This morning time is also important for those students who need time to get organized or struggle with time management. Messy binders, sloppy notes, pages that need to be recopied before being handed in can be tackled, or a little extra studying time before a quiz for the busy kids can lower the level of anxiety of those students who do not cope well with many tasks. I make clear at the beginning of the year that I am here to help them in any way I can. Homework Club is not for a teacher who is not dedicated to being available. It may be an open door time during a prep, a lunch hour, or a half hour after school – whatever works best for you will work best for them.
With this club comes a lot of in class teaching that focuses on intrinsic versus extrinsic motivation – doing well in order to feel good about ourselves rather than simply for a reward. Being part of the homework club means encouraging each other to do our best and understanding that homework is not a competition. Faster does not mean better. Getting things in on time and done correctly is important and that means asking for help when we need it. We need to know when we need help, when we have come to a concept that we do not get, an idea we cannot compute, or a task that we don’t understand. It happens to us all! Homework Club is a community. A community cannot exist without a group of people working together towards a common goal. I have each student sign a contract at the beginning of the year that holds each one of them responsible for their role as a support and encouragement in the classroom community.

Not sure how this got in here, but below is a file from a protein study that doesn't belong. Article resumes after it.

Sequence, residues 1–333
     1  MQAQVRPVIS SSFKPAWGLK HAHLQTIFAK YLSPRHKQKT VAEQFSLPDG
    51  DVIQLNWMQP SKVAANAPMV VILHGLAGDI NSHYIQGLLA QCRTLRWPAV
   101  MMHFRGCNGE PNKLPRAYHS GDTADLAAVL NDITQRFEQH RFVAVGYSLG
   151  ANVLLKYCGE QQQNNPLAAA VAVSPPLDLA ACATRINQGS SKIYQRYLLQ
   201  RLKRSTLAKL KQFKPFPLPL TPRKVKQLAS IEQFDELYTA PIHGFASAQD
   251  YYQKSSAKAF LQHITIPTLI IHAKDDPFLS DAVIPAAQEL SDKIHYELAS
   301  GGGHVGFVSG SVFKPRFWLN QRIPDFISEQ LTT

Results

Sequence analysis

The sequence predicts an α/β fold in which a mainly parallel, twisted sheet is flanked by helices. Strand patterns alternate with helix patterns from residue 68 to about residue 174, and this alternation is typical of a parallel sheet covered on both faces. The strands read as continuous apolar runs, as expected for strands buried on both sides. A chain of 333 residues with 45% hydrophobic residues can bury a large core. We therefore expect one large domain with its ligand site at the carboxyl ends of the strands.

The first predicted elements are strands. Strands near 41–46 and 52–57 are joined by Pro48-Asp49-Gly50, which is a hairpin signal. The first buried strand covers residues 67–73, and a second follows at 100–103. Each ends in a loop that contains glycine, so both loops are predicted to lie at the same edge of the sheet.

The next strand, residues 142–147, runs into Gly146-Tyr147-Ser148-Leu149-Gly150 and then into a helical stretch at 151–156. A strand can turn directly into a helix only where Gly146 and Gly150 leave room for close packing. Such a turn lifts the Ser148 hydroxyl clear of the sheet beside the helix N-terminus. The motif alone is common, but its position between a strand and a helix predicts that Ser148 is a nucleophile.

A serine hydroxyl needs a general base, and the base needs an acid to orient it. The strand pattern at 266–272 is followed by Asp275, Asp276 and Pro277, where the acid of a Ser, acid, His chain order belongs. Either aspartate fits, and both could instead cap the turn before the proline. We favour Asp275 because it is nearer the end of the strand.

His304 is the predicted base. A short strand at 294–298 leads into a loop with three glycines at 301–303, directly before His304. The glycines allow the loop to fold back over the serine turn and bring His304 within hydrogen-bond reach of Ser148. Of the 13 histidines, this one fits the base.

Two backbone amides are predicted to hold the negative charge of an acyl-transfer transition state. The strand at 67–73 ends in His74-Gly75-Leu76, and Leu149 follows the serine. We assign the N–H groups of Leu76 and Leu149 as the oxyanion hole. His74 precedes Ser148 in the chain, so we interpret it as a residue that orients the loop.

My role as a teacher in the above mentioned area, in my eyes, is to make sure dates are communicated clearly, written down, and accessible to parents as well as students. On my blog I have a tab that says “In class”. For each group I teach I have those students update the homework they have due daily and a summary of what we are learning. It would look like this:
7A- September 16th 2013
• We did a base ten review of place value. In bible we talked about paradigms and how we see others.
• Math Review Due Tomorrow.
• ELA – work on your Heart Map, it is due Monday September 21
On top of these reminders I would write them on the board so they can record them in their agendas. Students who master organizing their time and their work are much better students.
A few things I have learned the hard way when trying to implement this program; do not only offer rewards that can be eaten. We do not want to equate success and rewarding for hard work with eating – this can lead to problems with eating habits later in life. Second, be strict. Do not give an inch when it comes to the work being handed in on time AND the way you want it handed in. You are not doing yourself a favor – if you give an inch they will try to take a mile. In trying to instill self-responsibility into our students we do not want to undermine our own teaching or look like you are playing favorites. Third, kids love lights, sounds, and excitement. If you want the kids to care about homework club – you have to care about homework club. You are the defining element in whether the homework club is attractive and motivating or just one more thing you are asking your students to get through. Hype it up!
To get started with your own homework club download this freebie or check out the full product.
Erica Hildebrand is currently a grade 7 teacher at Springs Christian Academy in Winnipeg, Manitoba, Canada. She has previous experience in Grades 1 through 5. She is also a teacher author on Teachers Pay Teachers and creates purposeful and hands on resources for grade 1 through 8! She has 5 kids – four girls and a boy – and has been happily married for almost 15 years.